The most dramatic revelation is Delenn’s. The effect of her chrysalis is revealed; she has become half-Minbari and half-human. This, she claims, is meant to be a bridge between the humans and Minbari, and she undertook the process with the blessing of her government. Yet both in the first season and in “Points Of Departure,” high-ranking Minbari have expressed skepticism or distaste for the chrysalis project. Delenn may have the best of intentions, but she seems ignorant or dismissive of the divisions within her society.
The most ominous revelation is Londo Mollari’s. He once again meets with Mr. Morden, and the man with the greatest shit-eating grin of all time is as helpful as ever, except with one tiny change—Morden wants a small favor. That favor ends up being the destruction of an entire Narn cruiser as it goes to investigate an ancient adversary that Londo’s old rival G’Kar believes threatens them all. Londo may not have known that this would be the result, and he does demonstrate some slight concern about Morden’s apparent power, but he is unwilling to let go of the tiger he decided to ride.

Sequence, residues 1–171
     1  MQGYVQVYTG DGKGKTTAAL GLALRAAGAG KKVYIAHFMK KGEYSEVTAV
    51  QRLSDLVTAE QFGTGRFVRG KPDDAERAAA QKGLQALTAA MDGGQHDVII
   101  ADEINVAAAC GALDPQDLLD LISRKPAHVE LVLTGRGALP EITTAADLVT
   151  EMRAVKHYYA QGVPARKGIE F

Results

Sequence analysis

The most fascinating revelation is G’Kar’s. The first season’s G’Kar was angry, conniving, and capricious; he was the villain initially. Over the course of those 22 episodes, he was given depth and made sympathetic, but he was still a wildcard at best, and always a potential antagonist. That caprice has been wiped away by the events of “Chrysalis” and his experience chasing shadows in “Revelations.” He is now totally driven, and is even willing to imply that he’d make nice with Londo and the Centauri in order to deal with the threat he perceives. The show backs G’Kar’s concerns implicitly as well: when Sheridan says “the Great War” in the title sequence, the scene where the cruiser gets destroyed is shown. This is a huge and understandable change in a character’s personality.